Old Hickory’s Farewell Address

By Andrew Jackson. Andrew Jackson was president from 1828 to 1836. This address was his final as a politician, delivered on March 4, 1837. Its significance lies in its prophecies. He warned against the expansion of the federal government, the debasement of the currency, the income tax and the perils of foreign intervention. Contrast Jackson’s wisdom with many of the neuters and frauds who occupy Washington today. This address should be read and re-read. It has been moderately edited for length.

Jackson-Portrait

We have now lived almost 50 years under the Constitution framed by the sages and patriots of the revolution. The conflicts in which the nations of Europe were engaged during a great part of this period, the spirit in which they waged war against each other, and our intimate commercial connections with every part of the civilized world, rendered it a time of much difficulty for the government of the United States. We have had our seasons of peace and of war, with all the evils which precede or follow a state of hostility with powerful nations. We encountered these trials with our Constitution yet in its infancy, and under the disadvantages which a new and untried government must always feel when it is called upon to put forth its whole strength without the lights of experience to guide it or the weight of precedents to justify its measures. But we have passed triumphantly through all these difficulties. Our Constitution is no longer a doubtful experiment, and at the end of nearly half a century we find that it has preserved unimpaired the liberties of the people, secured the rights of property, and that our country has improved and is flourishing beyond any former example in the history of nations… [Read the entire article as PDF…]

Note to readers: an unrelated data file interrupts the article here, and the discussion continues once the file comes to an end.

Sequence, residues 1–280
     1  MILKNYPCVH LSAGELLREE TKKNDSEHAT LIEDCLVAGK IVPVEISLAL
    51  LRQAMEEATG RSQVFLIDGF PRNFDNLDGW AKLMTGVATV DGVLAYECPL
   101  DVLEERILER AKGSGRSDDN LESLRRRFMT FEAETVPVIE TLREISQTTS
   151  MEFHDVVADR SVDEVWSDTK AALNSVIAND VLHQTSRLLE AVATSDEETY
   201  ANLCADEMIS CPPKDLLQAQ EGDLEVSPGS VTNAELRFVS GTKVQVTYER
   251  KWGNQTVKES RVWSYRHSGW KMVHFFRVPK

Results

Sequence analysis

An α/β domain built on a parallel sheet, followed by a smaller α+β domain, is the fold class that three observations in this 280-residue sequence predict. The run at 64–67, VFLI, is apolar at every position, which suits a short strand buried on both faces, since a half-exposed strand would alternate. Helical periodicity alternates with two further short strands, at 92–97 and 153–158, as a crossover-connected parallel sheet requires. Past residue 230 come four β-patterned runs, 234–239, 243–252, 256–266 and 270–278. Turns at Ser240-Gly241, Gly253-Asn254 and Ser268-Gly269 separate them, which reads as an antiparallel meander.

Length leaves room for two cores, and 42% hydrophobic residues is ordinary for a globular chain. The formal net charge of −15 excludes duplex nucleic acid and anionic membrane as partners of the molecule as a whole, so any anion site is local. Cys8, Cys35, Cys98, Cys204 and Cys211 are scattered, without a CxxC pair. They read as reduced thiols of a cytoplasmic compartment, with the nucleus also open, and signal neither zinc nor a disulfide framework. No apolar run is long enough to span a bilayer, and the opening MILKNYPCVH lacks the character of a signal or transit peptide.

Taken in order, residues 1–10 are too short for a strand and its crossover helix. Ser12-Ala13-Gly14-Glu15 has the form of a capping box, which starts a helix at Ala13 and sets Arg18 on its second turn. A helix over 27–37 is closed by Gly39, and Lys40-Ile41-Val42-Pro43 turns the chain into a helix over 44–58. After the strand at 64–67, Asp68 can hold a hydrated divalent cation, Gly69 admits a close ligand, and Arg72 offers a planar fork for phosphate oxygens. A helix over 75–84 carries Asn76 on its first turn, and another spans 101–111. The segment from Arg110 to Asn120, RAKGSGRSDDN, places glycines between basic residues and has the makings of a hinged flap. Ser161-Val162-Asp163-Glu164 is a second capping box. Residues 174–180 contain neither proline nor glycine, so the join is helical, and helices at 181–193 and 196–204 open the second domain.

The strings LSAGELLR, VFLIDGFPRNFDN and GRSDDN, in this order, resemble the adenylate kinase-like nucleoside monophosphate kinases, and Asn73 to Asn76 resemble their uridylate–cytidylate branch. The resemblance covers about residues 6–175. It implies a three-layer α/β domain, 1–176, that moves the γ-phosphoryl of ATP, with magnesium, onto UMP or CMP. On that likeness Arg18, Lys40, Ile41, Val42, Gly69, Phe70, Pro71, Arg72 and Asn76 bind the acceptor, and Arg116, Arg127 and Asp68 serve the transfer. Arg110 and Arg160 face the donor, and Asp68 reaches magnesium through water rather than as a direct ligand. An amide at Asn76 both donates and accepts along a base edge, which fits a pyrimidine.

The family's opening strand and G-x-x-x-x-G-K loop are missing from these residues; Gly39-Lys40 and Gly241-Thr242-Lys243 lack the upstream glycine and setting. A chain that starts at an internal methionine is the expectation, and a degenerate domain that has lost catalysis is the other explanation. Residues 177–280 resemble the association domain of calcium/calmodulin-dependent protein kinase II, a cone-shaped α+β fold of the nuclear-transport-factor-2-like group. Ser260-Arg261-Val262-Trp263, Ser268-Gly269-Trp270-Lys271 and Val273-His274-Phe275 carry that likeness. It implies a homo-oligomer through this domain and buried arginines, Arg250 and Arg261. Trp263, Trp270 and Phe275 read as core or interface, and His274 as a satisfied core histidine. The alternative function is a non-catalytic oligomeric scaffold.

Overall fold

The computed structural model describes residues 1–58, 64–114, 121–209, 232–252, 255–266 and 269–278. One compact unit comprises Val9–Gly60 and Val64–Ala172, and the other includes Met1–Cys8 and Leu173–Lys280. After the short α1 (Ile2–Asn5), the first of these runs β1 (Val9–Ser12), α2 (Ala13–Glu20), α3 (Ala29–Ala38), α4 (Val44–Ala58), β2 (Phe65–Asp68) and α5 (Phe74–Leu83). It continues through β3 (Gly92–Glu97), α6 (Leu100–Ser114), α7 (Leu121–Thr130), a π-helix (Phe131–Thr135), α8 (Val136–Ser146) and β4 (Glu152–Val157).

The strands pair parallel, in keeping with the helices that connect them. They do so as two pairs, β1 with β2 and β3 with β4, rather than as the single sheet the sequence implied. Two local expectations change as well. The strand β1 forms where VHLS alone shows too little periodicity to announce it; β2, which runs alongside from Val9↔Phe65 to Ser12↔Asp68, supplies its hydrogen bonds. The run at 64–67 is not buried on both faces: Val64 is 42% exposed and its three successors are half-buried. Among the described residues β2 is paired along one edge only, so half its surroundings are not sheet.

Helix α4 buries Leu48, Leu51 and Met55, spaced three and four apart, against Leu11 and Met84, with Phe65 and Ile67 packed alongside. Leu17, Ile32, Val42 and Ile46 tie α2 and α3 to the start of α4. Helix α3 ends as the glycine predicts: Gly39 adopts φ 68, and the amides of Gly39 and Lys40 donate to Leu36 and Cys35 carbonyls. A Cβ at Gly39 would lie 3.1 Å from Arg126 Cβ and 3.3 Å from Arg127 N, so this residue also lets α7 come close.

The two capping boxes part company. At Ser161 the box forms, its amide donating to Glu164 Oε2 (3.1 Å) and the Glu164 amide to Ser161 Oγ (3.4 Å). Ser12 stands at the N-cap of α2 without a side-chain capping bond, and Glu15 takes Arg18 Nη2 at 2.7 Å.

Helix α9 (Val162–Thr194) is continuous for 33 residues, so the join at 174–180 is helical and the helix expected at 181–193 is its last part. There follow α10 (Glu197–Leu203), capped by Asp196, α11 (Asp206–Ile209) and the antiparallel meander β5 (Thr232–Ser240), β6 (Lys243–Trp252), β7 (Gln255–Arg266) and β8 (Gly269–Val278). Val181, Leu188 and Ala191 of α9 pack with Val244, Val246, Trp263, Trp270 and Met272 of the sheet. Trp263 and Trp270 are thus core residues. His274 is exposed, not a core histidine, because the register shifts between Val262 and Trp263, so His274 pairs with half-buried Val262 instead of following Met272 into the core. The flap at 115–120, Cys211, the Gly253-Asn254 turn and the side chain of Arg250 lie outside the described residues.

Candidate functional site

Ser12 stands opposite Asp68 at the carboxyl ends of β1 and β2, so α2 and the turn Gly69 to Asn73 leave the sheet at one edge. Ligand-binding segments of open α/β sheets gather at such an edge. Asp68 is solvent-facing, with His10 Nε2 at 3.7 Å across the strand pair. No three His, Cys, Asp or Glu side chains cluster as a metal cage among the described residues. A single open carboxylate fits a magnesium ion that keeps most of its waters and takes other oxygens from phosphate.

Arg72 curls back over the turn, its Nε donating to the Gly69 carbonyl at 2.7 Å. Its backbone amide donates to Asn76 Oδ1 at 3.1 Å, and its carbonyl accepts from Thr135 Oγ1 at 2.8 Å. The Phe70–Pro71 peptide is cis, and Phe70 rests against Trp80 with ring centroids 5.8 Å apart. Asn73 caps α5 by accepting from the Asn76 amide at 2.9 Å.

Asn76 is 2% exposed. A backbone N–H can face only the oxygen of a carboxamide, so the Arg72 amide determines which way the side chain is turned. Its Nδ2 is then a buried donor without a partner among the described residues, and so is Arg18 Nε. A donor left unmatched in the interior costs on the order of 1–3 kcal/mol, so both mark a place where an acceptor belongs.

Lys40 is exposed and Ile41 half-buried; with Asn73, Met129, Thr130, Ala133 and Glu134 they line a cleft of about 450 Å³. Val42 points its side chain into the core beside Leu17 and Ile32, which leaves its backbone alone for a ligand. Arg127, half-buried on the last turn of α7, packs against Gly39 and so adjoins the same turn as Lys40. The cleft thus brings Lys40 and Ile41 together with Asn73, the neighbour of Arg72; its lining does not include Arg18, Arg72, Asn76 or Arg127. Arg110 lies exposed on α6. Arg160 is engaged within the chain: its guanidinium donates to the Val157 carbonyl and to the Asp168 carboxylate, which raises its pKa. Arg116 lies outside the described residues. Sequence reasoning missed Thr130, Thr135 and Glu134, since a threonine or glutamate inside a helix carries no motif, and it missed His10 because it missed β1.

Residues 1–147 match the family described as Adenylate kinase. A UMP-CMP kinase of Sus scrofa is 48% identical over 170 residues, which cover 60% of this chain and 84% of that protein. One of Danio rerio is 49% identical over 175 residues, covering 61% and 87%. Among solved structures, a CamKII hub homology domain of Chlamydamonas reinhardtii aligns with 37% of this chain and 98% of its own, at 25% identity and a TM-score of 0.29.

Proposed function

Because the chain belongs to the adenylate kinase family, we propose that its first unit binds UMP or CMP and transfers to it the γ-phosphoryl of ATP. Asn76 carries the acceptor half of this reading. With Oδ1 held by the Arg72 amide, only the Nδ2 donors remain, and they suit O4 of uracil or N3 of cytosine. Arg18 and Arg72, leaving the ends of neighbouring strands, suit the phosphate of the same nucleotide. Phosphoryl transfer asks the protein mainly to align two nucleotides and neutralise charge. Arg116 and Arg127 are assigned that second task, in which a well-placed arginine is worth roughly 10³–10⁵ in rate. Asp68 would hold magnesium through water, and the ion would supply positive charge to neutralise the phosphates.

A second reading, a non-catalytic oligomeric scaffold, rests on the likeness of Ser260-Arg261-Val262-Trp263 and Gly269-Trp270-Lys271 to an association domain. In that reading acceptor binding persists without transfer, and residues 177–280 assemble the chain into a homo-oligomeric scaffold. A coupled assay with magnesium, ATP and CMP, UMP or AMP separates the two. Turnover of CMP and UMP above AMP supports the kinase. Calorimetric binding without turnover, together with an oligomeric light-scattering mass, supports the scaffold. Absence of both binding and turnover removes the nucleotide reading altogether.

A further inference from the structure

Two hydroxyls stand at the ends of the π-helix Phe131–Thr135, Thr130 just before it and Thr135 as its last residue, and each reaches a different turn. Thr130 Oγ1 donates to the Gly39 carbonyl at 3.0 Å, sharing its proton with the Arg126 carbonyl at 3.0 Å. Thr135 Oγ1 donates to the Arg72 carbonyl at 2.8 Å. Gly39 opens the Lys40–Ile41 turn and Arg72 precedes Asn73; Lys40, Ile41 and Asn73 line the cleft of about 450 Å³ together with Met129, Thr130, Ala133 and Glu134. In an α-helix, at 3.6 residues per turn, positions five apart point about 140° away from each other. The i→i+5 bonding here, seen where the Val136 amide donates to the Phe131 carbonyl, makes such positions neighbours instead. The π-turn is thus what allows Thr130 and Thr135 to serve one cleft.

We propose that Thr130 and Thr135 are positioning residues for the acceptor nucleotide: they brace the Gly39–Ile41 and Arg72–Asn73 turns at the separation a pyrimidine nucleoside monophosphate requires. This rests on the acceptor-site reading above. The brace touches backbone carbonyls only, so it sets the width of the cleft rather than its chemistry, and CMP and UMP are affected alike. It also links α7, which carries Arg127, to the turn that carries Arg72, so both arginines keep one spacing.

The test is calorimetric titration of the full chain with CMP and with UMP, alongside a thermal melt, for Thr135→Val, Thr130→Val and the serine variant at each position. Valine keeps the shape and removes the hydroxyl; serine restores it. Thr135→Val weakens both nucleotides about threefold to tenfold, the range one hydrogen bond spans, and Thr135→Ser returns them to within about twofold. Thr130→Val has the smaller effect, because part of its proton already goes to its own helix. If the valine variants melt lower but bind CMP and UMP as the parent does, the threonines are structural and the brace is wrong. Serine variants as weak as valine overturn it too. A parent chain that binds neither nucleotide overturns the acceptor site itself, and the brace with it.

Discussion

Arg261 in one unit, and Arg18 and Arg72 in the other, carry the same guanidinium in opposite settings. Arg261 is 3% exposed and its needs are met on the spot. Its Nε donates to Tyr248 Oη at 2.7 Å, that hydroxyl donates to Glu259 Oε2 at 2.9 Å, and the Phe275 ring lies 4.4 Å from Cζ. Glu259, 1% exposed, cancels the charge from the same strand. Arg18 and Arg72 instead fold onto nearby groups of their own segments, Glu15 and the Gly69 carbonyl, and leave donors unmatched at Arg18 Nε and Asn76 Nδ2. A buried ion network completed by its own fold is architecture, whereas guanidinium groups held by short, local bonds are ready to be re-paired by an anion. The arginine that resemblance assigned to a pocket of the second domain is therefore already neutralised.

Taken from
The Barnes Review, March/April 2004: Old Hickory’s Farewell Address
VOLUME X, NUMBER 2


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